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Executive Summary

“ABC Dairies” has to satisfy the requirements of its customers, its shareholders and the various regulators associated with the food industry.  ABC’s milk processing has unique characteristics; deliveries in season are ceaseless and the milk must be processed as quickly and economically as possible knowing that yet more is on its way. 

Plant availability is essential to ensure that the processing can outstrip delivery and that optimum added value can be attained.  The plant assets represent a substantial investment and as well as being able to demonstrate a high return must deliver high availability and reliable operation at the lowest cost.

Maintenance has a key contribution to make and the senior management is now looking at ways in which performance improvements and attaining standards of World-Class maintenance performance and CSA were engaged to conduct a high-level auditing and benchmarking study of the maintenance activities across the site.  It was found that plant availability levels equate to average/good benchmarking values.  However, it was felt that this is largely due to the relatively light mechanical loads on the plant and the processes being clean and using few volatile substances or chemicals.

Whilst one to one relationships between departmental managers appear sound, there is a general acceptance that the current maintenance function is not working.  This, despite the maintenance team having high levels of experience, a good team spirit, a willingness to use the CMMS, and being keen to develop themselves and the systems they work with.

Common problems throughout the site are communication and the availability of information.  There are no regularly scheduled cross-departmental management meetings at a tactical or operational level and even if these did take place (which they should) maintenance as a function within the site does not appear to have much kudos despite managing machine assets valued at €99m.

This culture, a lack of management development and leadership in the maintenance department sees the maintenance function being perceived as operating to their own agenda and providing a reactive rather than proactive service.

A culture exists where the maintenance function does not share its customers’ sense of urgency.

As well as frustrating the fitters and electricians and stifling improvement opportunities this is posing distinct threats to business operations regarding quality and safety compliance in that;     Customer audits are requesting evidence of planned maintenance activities and none exist (Evidence in Quality meetings agenda)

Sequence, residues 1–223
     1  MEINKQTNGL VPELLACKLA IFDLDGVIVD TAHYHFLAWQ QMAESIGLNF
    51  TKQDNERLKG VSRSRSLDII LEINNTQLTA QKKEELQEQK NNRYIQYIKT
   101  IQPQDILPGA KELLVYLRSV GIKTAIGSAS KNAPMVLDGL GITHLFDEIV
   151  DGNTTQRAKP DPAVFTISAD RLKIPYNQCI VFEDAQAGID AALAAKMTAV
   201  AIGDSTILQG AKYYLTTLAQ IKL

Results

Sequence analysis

•     The fitters and electricians are not working to statutory safety requirements (lockout procedures, permit to work systems etc.)

A planned maintenance regime does not exist in any recognised sense, the CMMS is being utilised to less than 5% of its capability (primarily for manhour accounting and cost codes [poorly], with very poor equipment history compilation).  The lack of a an Asset Register means that identification of even major items is ad hoc, although with no formal job register this is academic as no traceable records are produced (except for those driven by safety or compliance demands where the departmental manager manages the events and maintain their own work history records!).

This undisciplined situation is reflected in the stores and spares provisioning.  A large proportion of the spares held are not on the ‘system’ (estimated at 20%).  Those on the system do not appear to be appropriate, as ‘robbing’ (the removal of a serviceable component from one area of the plant to another to meet short-term needs) is not uncommon.  Bi-annual stock checks often reveal º8-10k discrepancies.

Budget control and attribution appears to have emerged historically to a point where it needs a complete re-organisation in the light of current business demands and boundaries.  Anomalies include no separate safety budget, some staff who clearly carry out a maintenance function not falling within the maintenance budget and contractors’ hours and materials not being differentiated.

There are obvious advantages to addressing this state of affairs and a raft of other more specific maintenance and associated practices this report details.  This starts with the fundamental identification of the maintenance objectives, maintenance control, a work planning system, workload and manning structure and planned and preventative maintenance based on asset life plans.

These recommendations are aimed at increasing production through increased asset reliability and availability.  They will also optimise spares holdings and overall maintenance management practices.

Typically, just the establishment of management systems realises an initial 1-3% sustainable improvement in production capacity (£20k-60k p.a.) with continuous improvement targeting an ongoing increase of 1-2% p.a.  Additionally, an initial reduction of up to 25% of spares holdings is attainable, with the revised holdings better geared to actual usage and needs and at no increased risk of “out of stock” situations arising (saving approximately £25k year on year).

CSA have implemented cost effective maintenance improvement programs for many leading manufacturers. For a no obligation initial chat; please complete the form and we will be happy to contact you to discuss how we may be able to help you.

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